'Very late one night Thom and I were alone in the vast wastes of Oxfordshire, surrounded by darkness and trying to finish the artwork. It was impossible – we had made too much, too many pictures, and it was like being in a storm of ideas and drawings, paintings and texts. We were exhausted and could no longer think clearly. We had lots of versions of the front cover, all with different pictures and different titles in different typefaces. We couldn’t work out which was the right one so we took them all downstairs and used tape to stick them to the cupboards and the fridge in the kitchen, hoping that in the morning the right cover and the right title would be obvious. And it was, and it was called Kid A.' Stanley Donwood
Famous for his creative collaboration with Radiohead, with whom he has been affiliated since 1994, TIN MAN ART artist Stanley Donwood is celebrating the 21st anniversary of Kid A (2000) with the release of six paintings born from the time the album was written. We have teamed up with Christie’s to showcase these powerful dystopian landscapes in a new exhibition at the auction house’s headquarters in London from 9th to 15th October. Coinciding with Frieze Week, the exhibition ‘How to Disappear Completely: Stanley Donwood x Thom Yorke’ also features accompanying sketches by both Donwood and Yorke, lyrics and digital artworks and the paintings will then be offered in the Christie’s First Open: Post-War and Contemporary Art Online sale. Bidding, open until 19th October, has already begun and each painting is estimated at £10,000–£15,000.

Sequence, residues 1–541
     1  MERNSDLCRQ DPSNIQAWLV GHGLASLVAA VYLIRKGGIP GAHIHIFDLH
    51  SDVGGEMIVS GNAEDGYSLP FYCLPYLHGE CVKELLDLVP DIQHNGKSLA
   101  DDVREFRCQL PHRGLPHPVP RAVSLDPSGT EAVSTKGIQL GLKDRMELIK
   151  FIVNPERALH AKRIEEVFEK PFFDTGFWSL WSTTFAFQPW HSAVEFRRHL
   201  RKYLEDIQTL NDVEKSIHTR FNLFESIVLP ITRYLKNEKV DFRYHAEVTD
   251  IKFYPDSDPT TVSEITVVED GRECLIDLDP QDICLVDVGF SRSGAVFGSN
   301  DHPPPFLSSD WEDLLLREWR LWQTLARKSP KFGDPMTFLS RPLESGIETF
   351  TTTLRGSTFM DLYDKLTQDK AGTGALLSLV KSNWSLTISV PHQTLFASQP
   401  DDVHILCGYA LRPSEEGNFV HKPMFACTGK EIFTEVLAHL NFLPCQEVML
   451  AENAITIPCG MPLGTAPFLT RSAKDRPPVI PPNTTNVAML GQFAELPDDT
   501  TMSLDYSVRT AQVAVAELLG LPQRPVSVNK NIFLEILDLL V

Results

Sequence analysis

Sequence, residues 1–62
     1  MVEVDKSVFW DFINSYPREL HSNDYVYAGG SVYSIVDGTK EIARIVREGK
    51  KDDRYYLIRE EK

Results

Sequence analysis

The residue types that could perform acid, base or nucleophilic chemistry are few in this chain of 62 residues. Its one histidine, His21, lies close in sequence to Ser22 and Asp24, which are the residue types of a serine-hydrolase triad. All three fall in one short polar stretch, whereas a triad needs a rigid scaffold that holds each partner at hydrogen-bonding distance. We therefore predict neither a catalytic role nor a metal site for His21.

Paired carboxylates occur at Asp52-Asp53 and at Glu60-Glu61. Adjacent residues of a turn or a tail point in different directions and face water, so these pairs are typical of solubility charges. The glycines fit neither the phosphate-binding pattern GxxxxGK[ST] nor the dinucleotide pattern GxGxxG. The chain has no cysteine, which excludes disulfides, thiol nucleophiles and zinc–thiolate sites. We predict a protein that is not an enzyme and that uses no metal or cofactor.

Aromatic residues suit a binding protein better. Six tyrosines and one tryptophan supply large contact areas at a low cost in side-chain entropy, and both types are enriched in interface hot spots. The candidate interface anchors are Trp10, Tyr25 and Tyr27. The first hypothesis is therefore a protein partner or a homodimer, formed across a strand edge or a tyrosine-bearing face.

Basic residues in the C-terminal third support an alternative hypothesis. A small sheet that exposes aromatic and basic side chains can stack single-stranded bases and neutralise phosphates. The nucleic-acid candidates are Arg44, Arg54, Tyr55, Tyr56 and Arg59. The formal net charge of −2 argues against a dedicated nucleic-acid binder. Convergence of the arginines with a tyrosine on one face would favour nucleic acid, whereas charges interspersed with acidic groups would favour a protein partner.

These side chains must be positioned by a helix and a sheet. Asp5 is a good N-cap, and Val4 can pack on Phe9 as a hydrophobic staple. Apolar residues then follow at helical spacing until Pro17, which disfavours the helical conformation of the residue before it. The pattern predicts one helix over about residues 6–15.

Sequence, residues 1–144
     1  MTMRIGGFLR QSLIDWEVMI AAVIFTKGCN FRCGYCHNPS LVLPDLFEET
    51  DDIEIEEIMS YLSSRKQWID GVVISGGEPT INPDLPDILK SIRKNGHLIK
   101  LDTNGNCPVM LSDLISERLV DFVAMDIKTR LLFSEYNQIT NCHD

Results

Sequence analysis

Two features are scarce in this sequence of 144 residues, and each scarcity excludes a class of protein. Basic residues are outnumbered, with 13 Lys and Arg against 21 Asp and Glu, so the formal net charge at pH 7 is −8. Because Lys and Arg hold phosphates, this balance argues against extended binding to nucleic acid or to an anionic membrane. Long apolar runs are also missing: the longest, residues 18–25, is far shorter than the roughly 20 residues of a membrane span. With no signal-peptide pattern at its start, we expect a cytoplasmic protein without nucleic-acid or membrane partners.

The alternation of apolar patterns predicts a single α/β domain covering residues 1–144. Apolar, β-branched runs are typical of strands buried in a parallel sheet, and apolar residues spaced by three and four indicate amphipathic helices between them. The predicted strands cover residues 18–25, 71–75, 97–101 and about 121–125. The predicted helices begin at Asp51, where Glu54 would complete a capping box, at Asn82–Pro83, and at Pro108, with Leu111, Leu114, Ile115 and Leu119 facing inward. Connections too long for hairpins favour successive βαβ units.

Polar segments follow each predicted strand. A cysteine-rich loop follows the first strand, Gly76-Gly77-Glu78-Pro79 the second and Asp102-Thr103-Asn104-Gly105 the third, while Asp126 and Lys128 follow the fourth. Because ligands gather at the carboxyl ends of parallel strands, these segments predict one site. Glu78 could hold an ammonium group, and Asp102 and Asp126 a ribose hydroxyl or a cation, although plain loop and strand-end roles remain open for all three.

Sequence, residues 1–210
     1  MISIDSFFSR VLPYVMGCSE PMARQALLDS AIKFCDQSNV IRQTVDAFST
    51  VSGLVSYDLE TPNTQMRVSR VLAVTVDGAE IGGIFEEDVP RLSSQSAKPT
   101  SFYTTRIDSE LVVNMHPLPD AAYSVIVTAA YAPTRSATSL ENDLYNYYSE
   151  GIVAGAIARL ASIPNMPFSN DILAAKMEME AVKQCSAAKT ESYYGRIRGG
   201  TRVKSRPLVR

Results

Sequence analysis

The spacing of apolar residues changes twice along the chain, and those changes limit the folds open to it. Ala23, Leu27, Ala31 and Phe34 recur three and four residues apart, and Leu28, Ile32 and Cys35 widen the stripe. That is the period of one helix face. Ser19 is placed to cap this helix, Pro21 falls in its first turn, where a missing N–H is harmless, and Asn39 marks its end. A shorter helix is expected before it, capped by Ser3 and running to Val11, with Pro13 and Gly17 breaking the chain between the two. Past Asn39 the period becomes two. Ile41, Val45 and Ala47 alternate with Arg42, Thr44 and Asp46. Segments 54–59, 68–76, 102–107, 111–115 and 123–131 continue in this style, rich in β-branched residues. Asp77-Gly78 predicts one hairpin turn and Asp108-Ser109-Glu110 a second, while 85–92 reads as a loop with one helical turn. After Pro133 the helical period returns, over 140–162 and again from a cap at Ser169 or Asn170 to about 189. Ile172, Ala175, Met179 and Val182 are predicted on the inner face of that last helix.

‘How we work? From the music, mostly, but concepts fly around,’ says Thom Yorke. ‘Often things just move down river just finding their way.’
‘Kid A is among a very small number of seminal musical masterpieces that are about so much more than ground-breaking music,’ explains TIN MAN ART founder James Elwes. ‘Like Sgt. Pepper with Peter Blake and Sticky Fingers with Andy Warhol, it’s a disc encased in art. It presents a rare audio-visual experience, a broody and forbidding world of mountains and blood; the CD case had to be broken apart to reveal hidden artwork. It's hugely exciting that now, for the first time, the collaborative story of this multidisciplinary masterpiece is being told. Stanley always viewed the record shop as an art gallery for the masses and he and Thom undertook an Odyssian feat in developing Kid A’s art, utilising drawing, collage and ground-breaking new media to doctor their source material. At the centre of this process is Stanley's extraordinary series of paintings - pieces that speak of enlightenment and discord in an uncertain new millennium under a government falling apart. While the paintings' tone recalls YBA sensibilities, their skill ensures a certain timelessness. These are works whose meaning continues to quietly ripple - pieces of history with an evocative soundtrack.’